Identifying Insect Pests And Beneficial Insects

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Identifying Insect Pests And Beneficial Insects

Identifying Insect Pests And Beneficial Insects

The insect kingdom is like a James Bond movie—full of deception and disguise. You may think you know who your friends are in the bug world, but beware: Your garden may be crawling with impostors that are actually pests. Here’s a look at two major masters of disguise and the beneficial insects they’re impersonating. Based on whether you encounter friend or foe, you’ll learn whether you should roll out the red carpet of welcome or launch an undercover pest-control operation. Then you won’t be fooled again by incognito bad bugs.

Good: Tachinid fly

Tachinid fly

Bad: Housefly

The double agents

The larvae of tachinid flies are parasites of many garden pests, including cutworms, tent caterpillars, cabbage loopers, Japanese beetles, and squash bugs. Houseflies, on the other hand, are pesky and unsanitary. The most obvious difference between the two is that most tachinids have many large bristles on their abdomens. Houseflies do not have as many. Tachinids also move around in a fast, jerky unhousefly-like manner.

Attract the beneficial

Grow pollen and nectar-producing plants and let them flower throughout your garden: Golden marguerite (Anthemis tinctoria) is a particular favorite of tachinids.

Get rid of the pest

Properly manage waste so houseflies do not have a place to lay eggs: Keep garbage cans closed tightly, do not put meat in the compost pile, and bury anything attractive to flies deep in the compost pile. Clean up pet and animal waste.

Good: Ladybugs

Ladybugs

Bad: Mexican bean beetle

The double agents

Ladybugs are garden heroes that feed on aphids, mealybugs, spider mites, scale, and many other pests. Depending on the species, ladybugs can be white, yellow, orange, red, or even black; the number of spots on their backs and the shape of those spots vary. (Some ladybugs have no spots at all.) Mexican bean beetles, which chew bean leaves until they look like lace, always have 16 dots and are yellowish-brown to coppery. Ladybugs are generally slimmer, and they move about faster than the plump, round Mexican bean beetles.

Attract the beneficial

Grow pollen and nectar-producing plants, such as basket-of-gold (Aurinia saxatilis), coriander, dill, fennel, Queen-Anne’s-lace, and yarrow, in your garden.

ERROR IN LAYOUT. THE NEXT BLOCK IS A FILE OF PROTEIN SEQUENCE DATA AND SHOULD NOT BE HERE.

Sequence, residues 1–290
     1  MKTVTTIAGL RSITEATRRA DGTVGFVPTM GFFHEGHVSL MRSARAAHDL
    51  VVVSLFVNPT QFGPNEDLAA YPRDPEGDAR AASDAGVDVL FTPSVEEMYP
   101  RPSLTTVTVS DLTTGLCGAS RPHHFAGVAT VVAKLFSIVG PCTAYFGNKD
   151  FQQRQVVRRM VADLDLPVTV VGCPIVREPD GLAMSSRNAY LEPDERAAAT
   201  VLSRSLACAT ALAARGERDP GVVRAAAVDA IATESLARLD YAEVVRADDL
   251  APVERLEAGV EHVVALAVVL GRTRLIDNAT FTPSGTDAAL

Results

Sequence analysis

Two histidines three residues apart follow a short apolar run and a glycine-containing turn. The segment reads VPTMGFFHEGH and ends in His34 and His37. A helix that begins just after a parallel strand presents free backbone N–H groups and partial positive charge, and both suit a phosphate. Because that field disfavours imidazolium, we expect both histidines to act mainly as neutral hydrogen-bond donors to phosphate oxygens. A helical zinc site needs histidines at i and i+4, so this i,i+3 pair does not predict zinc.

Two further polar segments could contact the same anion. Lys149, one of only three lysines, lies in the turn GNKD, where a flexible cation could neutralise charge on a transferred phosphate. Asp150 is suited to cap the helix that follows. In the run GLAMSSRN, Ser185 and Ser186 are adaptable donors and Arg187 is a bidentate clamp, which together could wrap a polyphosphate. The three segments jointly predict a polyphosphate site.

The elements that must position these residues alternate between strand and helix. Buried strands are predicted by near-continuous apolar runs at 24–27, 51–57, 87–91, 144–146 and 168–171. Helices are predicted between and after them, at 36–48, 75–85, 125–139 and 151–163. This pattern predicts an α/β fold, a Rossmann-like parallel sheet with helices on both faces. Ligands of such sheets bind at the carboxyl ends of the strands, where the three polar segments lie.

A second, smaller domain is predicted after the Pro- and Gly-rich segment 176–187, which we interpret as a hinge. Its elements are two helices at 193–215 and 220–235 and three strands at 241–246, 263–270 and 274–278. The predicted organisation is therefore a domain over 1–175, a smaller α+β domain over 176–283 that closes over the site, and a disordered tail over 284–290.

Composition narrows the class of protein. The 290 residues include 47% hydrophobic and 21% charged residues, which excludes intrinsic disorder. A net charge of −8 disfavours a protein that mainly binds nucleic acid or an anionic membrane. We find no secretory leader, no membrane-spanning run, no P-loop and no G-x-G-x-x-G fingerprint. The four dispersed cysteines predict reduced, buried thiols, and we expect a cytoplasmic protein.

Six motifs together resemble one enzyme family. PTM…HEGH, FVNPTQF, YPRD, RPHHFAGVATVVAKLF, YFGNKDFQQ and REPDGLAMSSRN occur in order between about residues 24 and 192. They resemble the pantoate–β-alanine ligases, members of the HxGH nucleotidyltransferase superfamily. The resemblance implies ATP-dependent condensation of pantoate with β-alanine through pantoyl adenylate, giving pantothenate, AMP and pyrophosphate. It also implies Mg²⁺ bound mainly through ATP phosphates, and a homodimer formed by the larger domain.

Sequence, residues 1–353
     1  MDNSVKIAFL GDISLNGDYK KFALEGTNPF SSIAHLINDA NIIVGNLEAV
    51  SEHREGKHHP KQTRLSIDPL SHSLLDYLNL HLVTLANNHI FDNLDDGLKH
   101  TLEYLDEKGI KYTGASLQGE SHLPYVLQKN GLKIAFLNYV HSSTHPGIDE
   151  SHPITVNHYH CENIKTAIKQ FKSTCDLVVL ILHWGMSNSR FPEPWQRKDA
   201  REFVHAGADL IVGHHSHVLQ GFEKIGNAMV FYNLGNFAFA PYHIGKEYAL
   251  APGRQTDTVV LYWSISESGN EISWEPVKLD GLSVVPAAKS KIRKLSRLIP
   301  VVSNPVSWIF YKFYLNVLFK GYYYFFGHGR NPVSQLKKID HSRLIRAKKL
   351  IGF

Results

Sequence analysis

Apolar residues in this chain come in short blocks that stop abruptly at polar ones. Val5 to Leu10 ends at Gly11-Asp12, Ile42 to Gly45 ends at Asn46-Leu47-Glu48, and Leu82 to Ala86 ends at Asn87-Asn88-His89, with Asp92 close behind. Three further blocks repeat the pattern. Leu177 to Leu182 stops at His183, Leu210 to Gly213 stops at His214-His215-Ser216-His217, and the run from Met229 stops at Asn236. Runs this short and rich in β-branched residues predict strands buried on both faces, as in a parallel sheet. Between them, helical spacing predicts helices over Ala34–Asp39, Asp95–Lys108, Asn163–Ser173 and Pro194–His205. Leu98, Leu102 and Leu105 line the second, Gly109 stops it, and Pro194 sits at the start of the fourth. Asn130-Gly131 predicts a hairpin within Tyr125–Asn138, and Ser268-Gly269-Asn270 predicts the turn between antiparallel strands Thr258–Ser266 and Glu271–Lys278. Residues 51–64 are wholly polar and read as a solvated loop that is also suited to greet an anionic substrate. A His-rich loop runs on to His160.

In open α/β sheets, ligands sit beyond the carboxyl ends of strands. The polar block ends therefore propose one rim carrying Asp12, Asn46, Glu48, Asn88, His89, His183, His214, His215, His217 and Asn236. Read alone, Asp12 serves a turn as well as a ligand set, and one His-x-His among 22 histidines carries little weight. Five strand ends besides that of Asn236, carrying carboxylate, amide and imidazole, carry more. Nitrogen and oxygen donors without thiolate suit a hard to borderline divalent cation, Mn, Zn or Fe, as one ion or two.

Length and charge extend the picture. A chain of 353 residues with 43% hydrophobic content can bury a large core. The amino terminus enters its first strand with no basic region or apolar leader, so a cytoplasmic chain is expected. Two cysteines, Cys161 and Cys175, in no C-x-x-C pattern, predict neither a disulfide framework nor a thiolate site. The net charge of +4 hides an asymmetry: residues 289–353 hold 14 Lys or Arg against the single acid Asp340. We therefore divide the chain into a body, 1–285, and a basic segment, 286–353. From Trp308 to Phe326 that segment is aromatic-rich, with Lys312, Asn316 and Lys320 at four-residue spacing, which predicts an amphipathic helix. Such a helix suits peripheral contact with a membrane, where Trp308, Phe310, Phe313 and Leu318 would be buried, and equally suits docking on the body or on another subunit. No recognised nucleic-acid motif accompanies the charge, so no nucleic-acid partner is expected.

Get rid of the pest

Don’t panic. Beans can tolerate a great deal of leaf damage and still yield well. Handpick any bean beetles (or the immature, spiny yellow grubs) you find. Plant a new row or two of beans every few weeks throughout the season so that there’s always a new crop coming in to replace any that get damaged. Encourage natural enemies of Mexican bean beetles, such as toads (by providing a shady, moist hiding place) and spined soldier bugs. Protect crops with row covers, and remove spent plants as soon as possible because they may harbor bean beetles.

How to Attract Beneficial Insects

Food

Many beneficial insects need plant pollen and nectar as part of their life cycle or can use them as food when pests are in short supply. The flowers that attract many different beneficial insects are the small ones, such as those that form on plants in the composite (daisy), mint, carrot, and mustard families. The beneficial insects you can attract with these flowers include parasitic wasps, predatory wasps, hoverflies, lacewings, tachinid flies, and ladybugs.

Water

If your garden is not frequently moistened by rain or morning dew, sprinkle a part of your garden briefly every day. Or you can make a simple “bug bath.’ A large pottery saucer with an inch or two of water will suffice. Set some regularly shaped rocks in the water to make little islands where insects can land and sip without drowning.

Shelter

Ground beetles and rove beetles help control slugs and snails, as well as other soil-dwelling pests. All of these beetles are attracted to areas with low ground covers, such as white clover, or areas with mulch or loose surface stones.


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